Discuss the similarities and differences between discriminant analysis and logistic regression. How might a researcher decide between using one or the other? Would it be possible to run both procedures on the same data? Explain your answer.

Discriminant analysis and logistic regression are both statistical methods used for predictive modeling and classification purposes. While they share similarities in terms of their objectives, they differ in their assumptions, measurement levels, output, and interpretability. In this discussion, I will compare and contrast these two methods and discuss how a researcher might decide between using one or the other.

Discriminant analysis is a statistical technique used to predict the group membership of observations based on a set of predictor variables. It assumes that the predictors are normally distributed within each group and have equal covariance matrices across groups. Discriminant analysis focuses on finding a linear combination of predictors that maximally discriminates between groups. The objective is to minimize within-group variance and maximize between-group variance. The output of discriminant analysis includes discriminant function coefficients, which represent the weights assigned to each predictor in the linear combination, and the discriminant scores, which indicate the relative distance of each observation from the group centroids.

On the other hand, logistic regression is a statistical method used to model the relationship between a binary dependent variable and one or more predictor variables. It assumes a logistic or sigmoid-shaped relationship between the predictor variables and the log odds of success, and it estimates the coefficients of the predictors that maximize the likelihood of the observed data. The output of logistic regression includes regression coefficients, which represent the change in the log odds of success associated with a unit change in the corresponding predictor, and odds ratios, which indicate the multiplicative effect of each predictor on the odds of success.

One key difference between discriminant analysis and logistic regression is the type of dependent variable they can handle. Discriminant analysis is suitable for predicting group membership or categorical outcomes with more than two categories, while logistic regression is specifically designed for binary outcomes. Moreover, logistic regression can be extended to handle multiple categories through techniques such as multinomial logistic regression or ordered logistic regression.

Another difference lies in the assumptions made by these two methods. Discriminant analysis assumes that the predictors are normally distributed within each group, while logistic regression makes no such assumptions about the distribution of predictors. Additionally, logistic regression assumes that the relationship between the predictors and the log odds of success is linear on the logit scale. If this assumption is violated, transformations or non-linear extensions of logistic regression, such as polynomial terms or splines, can be used.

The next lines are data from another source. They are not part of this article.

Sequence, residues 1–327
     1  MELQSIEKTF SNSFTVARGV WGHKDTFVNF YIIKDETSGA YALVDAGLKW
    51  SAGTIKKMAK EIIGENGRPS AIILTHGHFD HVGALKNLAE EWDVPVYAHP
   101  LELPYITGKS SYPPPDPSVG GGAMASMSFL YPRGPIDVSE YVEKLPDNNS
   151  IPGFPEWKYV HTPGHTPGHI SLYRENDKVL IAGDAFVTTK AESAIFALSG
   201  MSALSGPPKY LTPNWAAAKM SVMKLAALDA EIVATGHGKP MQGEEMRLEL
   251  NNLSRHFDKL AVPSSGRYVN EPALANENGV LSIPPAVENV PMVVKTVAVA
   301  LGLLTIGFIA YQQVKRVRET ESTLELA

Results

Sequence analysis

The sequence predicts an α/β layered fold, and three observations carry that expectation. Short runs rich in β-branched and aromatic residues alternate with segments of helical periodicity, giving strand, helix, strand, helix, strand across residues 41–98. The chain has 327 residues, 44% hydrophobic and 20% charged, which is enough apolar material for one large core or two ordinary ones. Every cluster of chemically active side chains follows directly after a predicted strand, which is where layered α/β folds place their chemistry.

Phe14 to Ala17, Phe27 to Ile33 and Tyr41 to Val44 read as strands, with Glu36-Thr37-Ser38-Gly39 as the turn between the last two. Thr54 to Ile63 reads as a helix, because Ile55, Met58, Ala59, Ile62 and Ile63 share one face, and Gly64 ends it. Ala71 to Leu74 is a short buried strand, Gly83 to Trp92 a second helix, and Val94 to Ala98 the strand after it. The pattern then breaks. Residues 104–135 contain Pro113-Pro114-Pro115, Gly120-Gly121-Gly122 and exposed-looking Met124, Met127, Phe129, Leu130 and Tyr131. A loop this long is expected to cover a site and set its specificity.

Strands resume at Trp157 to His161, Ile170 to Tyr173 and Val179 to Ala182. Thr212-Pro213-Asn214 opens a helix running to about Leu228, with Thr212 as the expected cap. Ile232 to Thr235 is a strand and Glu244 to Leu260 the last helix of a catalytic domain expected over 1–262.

In terms of interpretability, logistic regression provides more straightforward interpretation of the estimated coefficients. The regression coefficients represent the change in the log odds of success associated with a unit change in the corresponding predictor. In contrast, discriminant analysis is less interpretable, as the discriminant function coefficients do not have a straightforward probabilistic interpretation. Furthermore, discriminant analysis does not provide odds ratios or probability estimates for individual observations.

When deciding between discriminant analysis and logistic regression, researchers should consider several factors. First, they need to assess the type of outcome variable they are working with; if the outcome is binary, logistic regression is the appropriate choice, while discriminant analysis is more suitable for multiclass classification problems. Second, researchers need to evaluate the assumptions and data requirements of each method. If the assumptions are violated, alternative methods or data transformations should be considered. Lastly, researchers should consider the interpretability of the results and the specific research question they are addressing. Logistic regression is often preferred when the focus is on estimating the effects of predictors on the odds of success, while discriminant analysis may be more appropriate when the goal is to classify observations into groups.

It is possible to run both discriminant analysis and logistic regression on the same data. However, it is important to note that the two methods have different objectives and assumptions. Using both methods can provide complementary insights into the relationships between the predictors and the outcome, but the interpretation and results may differ. Researchers should carefully compare and evaluate the results from each method before drawing conclusions. Additionally, running both procedures can help assess the robustness of the findings and provide an opportunity for sensitivity analyses.